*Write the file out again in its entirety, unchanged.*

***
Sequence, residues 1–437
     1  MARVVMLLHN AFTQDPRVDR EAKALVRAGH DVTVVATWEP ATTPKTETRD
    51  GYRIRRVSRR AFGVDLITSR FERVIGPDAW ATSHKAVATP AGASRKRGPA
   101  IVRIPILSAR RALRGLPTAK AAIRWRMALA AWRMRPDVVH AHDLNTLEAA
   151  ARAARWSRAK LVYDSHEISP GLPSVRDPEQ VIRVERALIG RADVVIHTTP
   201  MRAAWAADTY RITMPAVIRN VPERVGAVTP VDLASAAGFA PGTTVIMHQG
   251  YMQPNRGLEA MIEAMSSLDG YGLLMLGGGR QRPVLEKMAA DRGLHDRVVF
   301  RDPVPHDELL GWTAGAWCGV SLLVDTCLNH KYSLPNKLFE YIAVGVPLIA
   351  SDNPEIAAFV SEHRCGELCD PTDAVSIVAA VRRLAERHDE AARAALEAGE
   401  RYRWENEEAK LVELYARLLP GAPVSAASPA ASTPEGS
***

Sequence, residues 1–437
     1  MARVVMLLHN AFTQDPRVDR EAKALVRAGH DVTVVATWEP ATTPKTETRD
    51  GYRIRRVSRR AFGVDLITSR FERVIGPDAW ATSHKAVATP AGASRKRGPA
   101  IVRIPILSAR RALRGLPTAK AAIRWRMALA AWRMRPDVVH AHDLNTLEAA
   151  ARAARWSRAK LVYDSHEISP GLPSVRDPEQ VIRVERALIG RADVVIHTTP
   201  MRAAWAADTY RITMPAVIRN VPERVGAVTP VDLASAAGFA PGTTVIMHQG
   251  YMQPNRGLEA MIEAMSSLDG YGLLMLGGGR QRPVLEKMAA DRGLHDRVVF
   301  RDPVPHDELL GWTAGAWCGV SLLVDTCLNH KYSLPNKLFE YIAVGVPLIA
   351  SDNPEIAAFV SEHRCGELCD PTDAVSIVAA VRRLAERHDE AARAALEAGE
   401  RYRWENEEAK LVELYARLLP GAPVSAASPA ASTPEGS